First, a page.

— Do you like the colors yellow and blue?
— Yes, they are my favorite colors: the sky and the sun. The next day I sewed another Ukrainian flag and hung it out.
— Do you usually sew Ukrainian flags on a sewing machine?
— Yes. There are many shops in Ivanovo where you can buy fabric. I found a good one and bought three sets at once. It will last for a long time.
— Why do you think that it is the neighbors who filed complaints against over the flag?
— Only residents of the house located opposite mine can see the flag all the time. The denunciations are probably written by neighbors and residents of the neighboring house. I saw one complaint. The poor lady wrote: “I see the Ukrainian flag every morning and I consider it unacceptable in such a situation as we have now.” I even felt sorry for her. After I hung out the Ukrainian flag, the neighbors living in the apartments below and above mine hung out Russian flags. After the search, a “Z” was again written on my apartment’s mailbox and a note was tossed in it that said, “Ukraine is no more. Take down your rag and dry yourself with it.”
– How did the medical school react to the criminal cases against you?
– The management suspended me on the grounds that the articles of the Criminal Code brought against me hinder my work as a lecturer. My colleagues were upset. We have worked together for many years. Besides, now they have to do my duties. My colleagues do not talk about politics. Most of my colleagues are apolitical. But they have voiced their support to me and hope that everything will be resolved somehow. I studied at the medical school for six years, and after graduation I stayed on there to work. That is, my entire adult life, almost thirty years, has been connected with the medical school.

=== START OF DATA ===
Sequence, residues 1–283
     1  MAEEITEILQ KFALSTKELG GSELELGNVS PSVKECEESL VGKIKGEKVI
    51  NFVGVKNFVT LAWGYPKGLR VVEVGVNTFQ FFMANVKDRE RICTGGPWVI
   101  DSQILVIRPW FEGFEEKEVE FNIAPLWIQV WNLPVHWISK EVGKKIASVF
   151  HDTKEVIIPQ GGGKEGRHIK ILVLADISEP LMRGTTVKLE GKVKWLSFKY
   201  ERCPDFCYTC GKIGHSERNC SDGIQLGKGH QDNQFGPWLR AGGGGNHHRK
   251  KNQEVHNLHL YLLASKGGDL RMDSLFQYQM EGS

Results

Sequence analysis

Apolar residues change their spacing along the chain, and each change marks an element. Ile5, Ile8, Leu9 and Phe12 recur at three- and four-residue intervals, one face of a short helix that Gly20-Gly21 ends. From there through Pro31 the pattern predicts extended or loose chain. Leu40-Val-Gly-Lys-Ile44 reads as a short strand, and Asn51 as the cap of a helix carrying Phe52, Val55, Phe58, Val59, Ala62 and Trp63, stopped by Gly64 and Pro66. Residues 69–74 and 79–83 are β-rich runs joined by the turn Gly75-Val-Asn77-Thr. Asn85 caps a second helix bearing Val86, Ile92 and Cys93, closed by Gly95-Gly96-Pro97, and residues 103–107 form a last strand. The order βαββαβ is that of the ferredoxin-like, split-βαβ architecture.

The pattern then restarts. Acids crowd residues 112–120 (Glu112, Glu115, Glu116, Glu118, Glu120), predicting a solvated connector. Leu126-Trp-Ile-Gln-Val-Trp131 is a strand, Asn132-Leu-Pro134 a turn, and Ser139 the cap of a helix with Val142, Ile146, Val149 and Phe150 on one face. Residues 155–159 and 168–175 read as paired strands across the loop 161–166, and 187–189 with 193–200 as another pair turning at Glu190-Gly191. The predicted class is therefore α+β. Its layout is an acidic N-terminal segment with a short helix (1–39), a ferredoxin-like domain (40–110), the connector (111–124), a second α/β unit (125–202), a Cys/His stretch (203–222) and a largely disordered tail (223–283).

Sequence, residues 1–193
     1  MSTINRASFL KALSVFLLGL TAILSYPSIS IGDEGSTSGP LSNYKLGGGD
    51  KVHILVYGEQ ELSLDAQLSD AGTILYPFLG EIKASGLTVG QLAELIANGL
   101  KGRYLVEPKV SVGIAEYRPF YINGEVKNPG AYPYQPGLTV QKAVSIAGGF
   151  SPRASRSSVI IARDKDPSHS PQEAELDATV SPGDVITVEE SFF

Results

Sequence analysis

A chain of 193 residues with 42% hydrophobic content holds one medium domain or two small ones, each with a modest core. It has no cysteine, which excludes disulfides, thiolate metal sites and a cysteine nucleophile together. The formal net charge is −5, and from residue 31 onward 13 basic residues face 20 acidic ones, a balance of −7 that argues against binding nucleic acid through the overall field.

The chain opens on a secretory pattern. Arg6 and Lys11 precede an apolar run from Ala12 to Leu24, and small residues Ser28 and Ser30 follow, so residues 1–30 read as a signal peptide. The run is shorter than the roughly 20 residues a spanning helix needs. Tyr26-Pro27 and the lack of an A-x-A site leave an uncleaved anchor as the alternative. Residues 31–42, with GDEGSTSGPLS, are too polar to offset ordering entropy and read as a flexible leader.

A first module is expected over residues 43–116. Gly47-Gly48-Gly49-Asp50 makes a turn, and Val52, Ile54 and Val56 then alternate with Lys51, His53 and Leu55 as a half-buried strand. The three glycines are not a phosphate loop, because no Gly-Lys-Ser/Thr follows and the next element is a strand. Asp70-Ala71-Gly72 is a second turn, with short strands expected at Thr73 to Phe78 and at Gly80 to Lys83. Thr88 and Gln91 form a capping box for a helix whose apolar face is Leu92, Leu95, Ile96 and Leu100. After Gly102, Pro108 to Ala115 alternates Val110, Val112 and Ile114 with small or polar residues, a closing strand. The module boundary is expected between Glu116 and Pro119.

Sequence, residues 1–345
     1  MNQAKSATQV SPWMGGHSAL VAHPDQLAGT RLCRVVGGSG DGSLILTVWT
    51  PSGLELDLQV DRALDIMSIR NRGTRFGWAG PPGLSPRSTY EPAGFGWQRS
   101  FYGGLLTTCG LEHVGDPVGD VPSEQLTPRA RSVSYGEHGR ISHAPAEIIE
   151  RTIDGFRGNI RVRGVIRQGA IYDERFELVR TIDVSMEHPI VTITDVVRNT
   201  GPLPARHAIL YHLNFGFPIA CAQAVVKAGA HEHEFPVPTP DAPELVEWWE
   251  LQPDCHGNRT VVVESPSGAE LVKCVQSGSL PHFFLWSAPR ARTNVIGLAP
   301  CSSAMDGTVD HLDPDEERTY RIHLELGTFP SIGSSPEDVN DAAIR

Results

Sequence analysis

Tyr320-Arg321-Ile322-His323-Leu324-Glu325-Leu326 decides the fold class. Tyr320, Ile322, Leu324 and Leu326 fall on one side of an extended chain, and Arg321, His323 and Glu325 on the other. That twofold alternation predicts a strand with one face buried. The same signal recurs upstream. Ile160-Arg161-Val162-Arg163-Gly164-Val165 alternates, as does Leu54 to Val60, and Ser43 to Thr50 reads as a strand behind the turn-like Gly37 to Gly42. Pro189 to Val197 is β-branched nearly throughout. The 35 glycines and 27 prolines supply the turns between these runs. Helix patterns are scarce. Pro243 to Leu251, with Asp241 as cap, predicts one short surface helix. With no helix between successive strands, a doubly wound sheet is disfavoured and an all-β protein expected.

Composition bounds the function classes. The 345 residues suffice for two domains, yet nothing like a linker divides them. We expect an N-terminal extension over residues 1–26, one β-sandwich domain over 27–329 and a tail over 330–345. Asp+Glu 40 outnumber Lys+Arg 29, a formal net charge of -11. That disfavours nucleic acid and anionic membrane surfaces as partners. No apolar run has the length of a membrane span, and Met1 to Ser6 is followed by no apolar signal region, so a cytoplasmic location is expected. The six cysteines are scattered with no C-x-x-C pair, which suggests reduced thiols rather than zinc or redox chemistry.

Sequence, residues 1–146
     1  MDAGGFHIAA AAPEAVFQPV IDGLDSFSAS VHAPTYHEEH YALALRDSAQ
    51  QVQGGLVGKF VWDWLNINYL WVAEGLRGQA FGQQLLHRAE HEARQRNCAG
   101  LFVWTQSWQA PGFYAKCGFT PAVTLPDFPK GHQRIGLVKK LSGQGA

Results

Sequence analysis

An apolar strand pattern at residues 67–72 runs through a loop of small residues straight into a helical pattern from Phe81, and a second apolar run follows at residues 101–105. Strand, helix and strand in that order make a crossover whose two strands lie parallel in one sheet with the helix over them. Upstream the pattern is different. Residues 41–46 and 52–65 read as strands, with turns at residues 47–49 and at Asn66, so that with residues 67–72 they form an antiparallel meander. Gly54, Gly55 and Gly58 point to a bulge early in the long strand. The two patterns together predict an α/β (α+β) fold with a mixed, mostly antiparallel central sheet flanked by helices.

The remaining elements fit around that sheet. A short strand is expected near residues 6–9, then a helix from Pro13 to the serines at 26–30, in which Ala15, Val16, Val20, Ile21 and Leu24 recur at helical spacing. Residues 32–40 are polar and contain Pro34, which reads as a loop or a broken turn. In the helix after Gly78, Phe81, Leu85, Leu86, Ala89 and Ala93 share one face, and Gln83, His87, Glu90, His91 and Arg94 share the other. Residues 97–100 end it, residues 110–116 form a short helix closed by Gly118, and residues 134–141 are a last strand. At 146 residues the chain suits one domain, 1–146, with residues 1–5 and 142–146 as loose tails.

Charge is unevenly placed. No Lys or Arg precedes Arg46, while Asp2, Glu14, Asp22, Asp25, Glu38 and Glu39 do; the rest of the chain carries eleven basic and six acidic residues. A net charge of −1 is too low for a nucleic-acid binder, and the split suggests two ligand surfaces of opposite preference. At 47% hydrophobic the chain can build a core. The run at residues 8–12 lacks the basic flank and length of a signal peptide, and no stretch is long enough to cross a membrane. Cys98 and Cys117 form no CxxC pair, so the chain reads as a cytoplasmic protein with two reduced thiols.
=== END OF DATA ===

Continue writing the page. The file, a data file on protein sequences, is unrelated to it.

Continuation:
— Have you been able to get another job?
— Due to the criminal cases, I cannot tell an employer how long I would be able to work for them. So, I will look for something temporary, and then my professional career will depend on the court’s decision.
— How many pickets did you hold in the autumn?
— In September and October, I held four or five pickets. Since the second criminal case was launched, I have not yet gone out to protest, but I’m going to continue to voice my civic stance.
— Why are you going to continue to hold anti-war pickets, despite the serious risks of ending up in a Russian prison?
– I have beliefs, and I will act in keeping with them. As long as I can talk, I’ll keep doing it. What is the point of having principles if you don’t act on them, regardless of the risks?
— Do you have the support of friends, family, and associates?